A Big Step to address Big Tech

March 25, 2022

On Thursday, March 24th, the EU Parliament held its last debate on the Digital Markets Act (DMA), and decided how strongly to bring Big Tech to heel.

The EU’s intentions to ‘ensure fair and open digital markets’ have always been good, but there have been many points in the negotiations where the outcome could have been toothless - in particular around the interoperability obligation.

Interoperability in messaging’s core

So it’s a major positive to see that interoperability is now baked into the regulation. Despite the fact that the web, email and the phone network have been interoperable for decades (or centuries for the phone), the ‘siloisation’ of instant messaging and social networks is strongly entrenched. The gatekeepers didn’t want change, and had been lobbying hard spreading fear, uncertainty and doubt (FUD) - in particular around technical feasibility, privacy and moderation.

And while the final agreement reached on Thursday is not perfect, it is a huge step forward for user freedom and an open market. It mandates gatekeepers (aka Big Tech) enable other providers to interoperate with them for 1:1 and group messaging services, by opening up their APIs. Today the mandatory features are limited to basic ones rather than industry standard. So we’re at risk of seeing anything beyond text, images, videos, files and VoIP calls - such as animations, stickers, emojis and reactions - not being made available by gatekeepers. However there is scope for these to evolve as time goes.  A strong case is being made to preserve security, including end-to-end encryption if applicable.

It is significant that interoperability applies to group chat. Big Tech argued against it on the grounds that it wasn’t technically feasible, but that was eventually debunked with Matrix and others proving that interoperable group chats, with end-to-end encryption, is perfectly possible. Group calls do not seem to be in scope.

Limiting interoperability requirements to 1:1 messaging would have been a fatal mistake; a classic small detail that would render the regulation entirely ineffective. Communication is group-centric, so users would not bother to use a different app for one-to-one chats if they had to switch back to the gatekeeper’s app for group discussion.

But social networks managed to get away with it

While there was enough debate and education for the European bodies to see through status-quo preserving FUD for instant messaging, unfortunately interoperability for social networks got dropped; mostly based on concerns around the ability to moderate a big open network. Hopefully that’ll be revisited in the future. In the meantime, within the realm of instant messaging, we’ll implement a far superior - and user-driven - form of moderation that can set an example for interoperable social networks.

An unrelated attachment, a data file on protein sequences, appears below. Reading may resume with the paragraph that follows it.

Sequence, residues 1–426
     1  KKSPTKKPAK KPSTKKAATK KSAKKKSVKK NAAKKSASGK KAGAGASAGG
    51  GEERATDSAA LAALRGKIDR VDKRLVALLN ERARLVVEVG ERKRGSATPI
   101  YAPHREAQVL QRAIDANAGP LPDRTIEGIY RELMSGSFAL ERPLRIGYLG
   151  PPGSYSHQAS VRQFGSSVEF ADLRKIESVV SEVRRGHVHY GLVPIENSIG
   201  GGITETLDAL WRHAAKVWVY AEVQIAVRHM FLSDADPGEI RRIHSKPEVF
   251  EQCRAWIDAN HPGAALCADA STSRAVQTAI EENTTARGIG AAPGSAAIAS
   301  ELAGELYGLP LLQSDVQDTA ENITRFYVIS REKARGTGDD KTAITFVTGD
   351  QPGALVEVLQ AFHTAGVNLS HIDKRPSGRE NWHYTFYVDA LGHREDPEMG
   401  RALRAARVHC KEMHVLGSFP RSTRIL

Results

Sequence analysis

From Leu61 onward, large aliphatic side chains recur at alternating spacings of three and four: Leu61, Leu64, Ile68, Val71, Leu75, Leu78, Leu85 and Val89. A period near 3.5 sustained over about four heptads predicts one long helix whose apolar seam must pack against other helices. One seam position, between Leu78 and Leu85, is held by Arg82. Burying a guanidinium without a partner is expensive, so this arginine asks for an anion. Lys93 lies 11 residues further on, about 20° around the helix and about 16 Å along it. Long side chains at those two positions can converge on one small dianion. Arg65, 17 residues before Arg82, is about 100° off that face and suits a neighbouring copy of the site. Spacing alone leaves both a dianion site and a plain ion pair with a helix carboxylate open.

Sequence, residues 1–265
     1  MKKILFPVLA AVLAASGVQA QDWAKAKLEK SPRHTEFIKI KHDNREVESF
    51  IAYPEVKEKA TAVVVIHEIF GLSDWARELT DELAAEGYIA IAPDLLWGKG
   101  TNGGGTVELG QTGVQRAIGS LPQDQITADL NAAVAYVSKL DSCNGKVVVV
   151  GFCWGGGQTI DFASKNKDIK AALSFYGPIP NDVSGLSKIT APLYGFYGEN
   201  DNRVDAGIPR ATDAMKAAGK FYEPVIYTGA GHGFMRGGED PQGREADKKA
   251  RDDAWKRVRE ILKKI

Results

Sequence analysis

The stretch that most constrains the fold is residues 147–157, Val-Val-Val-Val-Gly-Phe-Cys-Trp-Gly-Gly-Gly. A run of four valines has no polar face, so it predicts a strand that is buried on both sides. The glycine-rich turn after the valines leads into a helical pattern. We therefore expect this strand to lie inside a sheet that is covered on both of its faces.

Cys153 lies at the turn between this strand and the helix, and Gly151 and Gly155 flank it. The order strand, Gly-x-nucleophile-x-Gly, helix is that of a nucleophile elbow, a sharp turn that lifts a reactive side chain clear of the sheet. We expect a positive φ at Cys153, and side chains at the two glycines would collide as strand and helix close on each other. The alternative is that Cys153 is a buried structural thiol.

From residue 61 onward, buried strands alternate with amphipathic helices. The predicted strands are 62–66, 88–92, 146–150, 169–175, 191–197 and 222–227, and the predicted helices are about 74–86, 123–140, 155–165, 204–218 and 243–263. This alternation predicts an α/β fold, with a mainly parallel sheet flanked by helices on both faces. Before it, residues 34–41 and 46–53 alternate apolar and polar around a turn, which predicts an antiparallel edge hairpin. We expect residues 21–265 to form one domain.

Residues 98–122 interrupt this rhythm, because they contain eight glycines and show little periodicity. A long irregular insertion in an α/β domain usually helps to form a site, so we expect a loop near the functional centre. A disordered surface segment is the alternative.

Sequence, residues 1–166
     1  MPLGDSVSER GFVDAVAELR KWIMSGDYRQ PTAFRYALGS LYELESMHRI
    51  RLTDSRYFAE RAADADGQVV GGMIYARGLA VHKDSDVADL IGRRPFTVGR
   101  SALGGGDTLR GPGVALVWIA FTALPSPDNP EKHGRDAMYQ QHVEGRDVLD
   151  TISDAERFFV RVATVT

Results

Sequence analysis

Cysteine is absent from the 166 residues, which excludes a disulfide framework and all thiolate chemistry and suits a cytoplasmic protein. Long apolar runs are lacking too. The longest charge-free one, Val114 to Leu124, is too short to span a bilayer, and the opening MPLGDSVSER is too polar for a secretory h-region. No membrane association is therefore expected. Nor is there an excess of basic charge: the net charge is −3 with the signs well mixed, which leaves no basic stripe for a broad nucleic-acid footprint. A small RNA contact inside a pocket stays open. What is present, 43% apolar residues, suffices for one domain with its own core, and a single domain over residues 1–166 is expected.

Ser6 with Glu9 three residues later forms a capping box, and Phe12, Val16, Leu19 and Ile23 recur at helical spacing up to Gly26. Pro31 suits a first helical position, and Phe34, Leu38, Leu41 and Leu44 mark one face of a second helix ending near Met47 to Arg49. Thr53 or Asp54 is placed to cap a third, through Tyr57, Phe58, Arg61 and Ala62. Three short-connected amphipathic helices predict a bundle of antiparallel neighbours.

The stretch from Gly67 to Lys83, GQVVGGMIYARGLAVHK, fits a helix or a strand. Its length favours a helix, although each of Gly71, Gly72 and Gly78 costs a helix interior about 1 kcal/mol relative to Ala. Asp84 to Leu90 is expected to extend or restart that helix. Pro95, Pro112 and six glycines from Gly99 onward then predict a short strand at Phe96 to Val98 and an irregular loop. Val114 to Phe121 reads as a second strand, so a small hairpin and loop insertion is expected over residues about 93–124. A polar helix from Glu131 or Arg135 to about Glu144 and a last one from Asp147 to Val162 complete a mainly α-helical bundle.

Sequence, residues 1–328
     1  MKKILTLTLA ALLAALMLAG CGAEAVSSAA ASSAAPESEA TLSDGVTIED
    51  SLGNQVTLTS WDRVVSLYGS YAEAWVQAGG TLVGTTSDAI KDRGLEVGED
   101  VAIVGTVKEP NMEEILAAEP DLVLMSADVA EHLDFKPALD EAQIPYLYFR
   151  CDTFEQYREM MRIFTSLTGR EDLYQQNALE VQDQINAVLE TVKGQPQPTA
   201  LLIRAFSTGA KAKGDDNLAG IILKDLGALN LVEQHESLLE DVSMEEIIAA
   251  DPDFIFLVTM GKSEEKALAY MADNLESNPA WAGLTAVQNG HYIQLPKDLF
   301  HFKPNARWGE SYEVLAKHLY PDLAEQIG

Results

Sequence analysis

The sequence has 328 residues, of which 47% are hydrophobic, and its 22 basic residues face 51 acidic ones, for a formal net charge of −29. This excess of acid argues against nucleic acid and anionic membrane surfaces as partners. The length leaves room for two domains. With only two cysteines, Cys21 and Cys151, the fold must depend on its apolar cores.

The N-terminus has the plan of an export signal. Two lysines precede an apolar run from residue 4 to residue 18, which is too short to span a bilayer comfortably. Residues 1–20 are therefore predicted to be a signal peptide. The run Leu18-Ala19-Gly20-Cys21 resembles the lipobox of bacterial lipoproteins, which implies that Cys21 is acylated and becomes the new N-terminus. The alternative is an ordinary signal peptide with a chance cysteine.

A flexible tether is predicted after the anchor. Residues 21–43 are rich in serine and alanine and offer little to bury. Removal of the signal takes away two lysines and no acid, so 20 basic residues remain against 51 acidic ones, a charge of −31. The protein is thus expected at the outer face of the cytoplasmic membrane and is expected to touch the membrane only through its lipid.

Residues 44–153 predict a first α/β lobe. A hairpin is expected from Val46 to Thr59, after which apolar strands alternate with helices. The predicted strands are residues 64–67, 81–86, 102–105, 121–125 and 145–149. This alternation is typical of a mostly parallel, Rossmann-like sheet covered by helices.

The innovation lie

Behemoths will be behemoths. Of course they will use their huge resources to protect their market position, profits and shareholders. But something that really needs calling out is Big Tech’s (and in particular Facebook’s) empty claim that interoperability will slow innovation down.

Interoperability is the catalyst for innovation. Tim Berners-Lee unleashed the power of the open (interoperable) web. Big Tech subsequently built on it, gradually centralising great chunks of it to become proprietary platforms. Ensuring interoperability is the most reliable way to kick-start a new era of innovation to challenge outsized and complacent incumbents.

The only thing interoperability slows down is Facebook’s ability to further cement the marketplace in its favour, which is why it’s been fighting so hard against it.

How to interoperate

Ensuring interoperability is one thing, stipulating how to do it is another.

Interoperability means that two services need to be able to communicate with one another. That can be done by connecting them one-to-one, or by having them all able to speak the same language.

The EU has gone with the first approach, where the gatekeeper simply opens up the APIs used internally for its service to function to the rest of the world so others can connect to it. It’s very simple for the gatekeeper to do, but it means that other services will have to implement every gatekeepers’ APIs, which is cumbersome - and that if the gatekeeper is using end-to-end encryption then it will be harder to preserve. And that gatekeeper can, of course, decide to be deliberately opaque and difficult in making APIs available.

The second approach is what we see with email and the web; everyone uses the same open standard.  It is the most sustainable solution as everyone only has one implementation to do to join the network. It also makes it far easier to preserve end-to-end encryption. However it requires an independent standard to be ready and recommended by the regulation, and whilst protocols like Matrix are ready for it, the time frames for the EU to select a standard were a bit tight. So while open APIs are a valid first step, we imagine an open standard will become the foundation for stronger and more practical interoperability.

The bottom line

The EU has taken an historical step in addressing Big Tech’s stranglehold over messaging, sparking innovation that will see users get far better messaging services. They will now be able to choose who is hosting their data, and which app they want to use to access it. Smaller companies will be able to invest, innovate and build value; either by addressing a niche market, providing differentiating features, or bringing a whole new communication experience. Most importantly they can thrive because they won’t have to worry about having to build a network of users from scratch. Freedom and competition won in Europe today, at least in the tech world.

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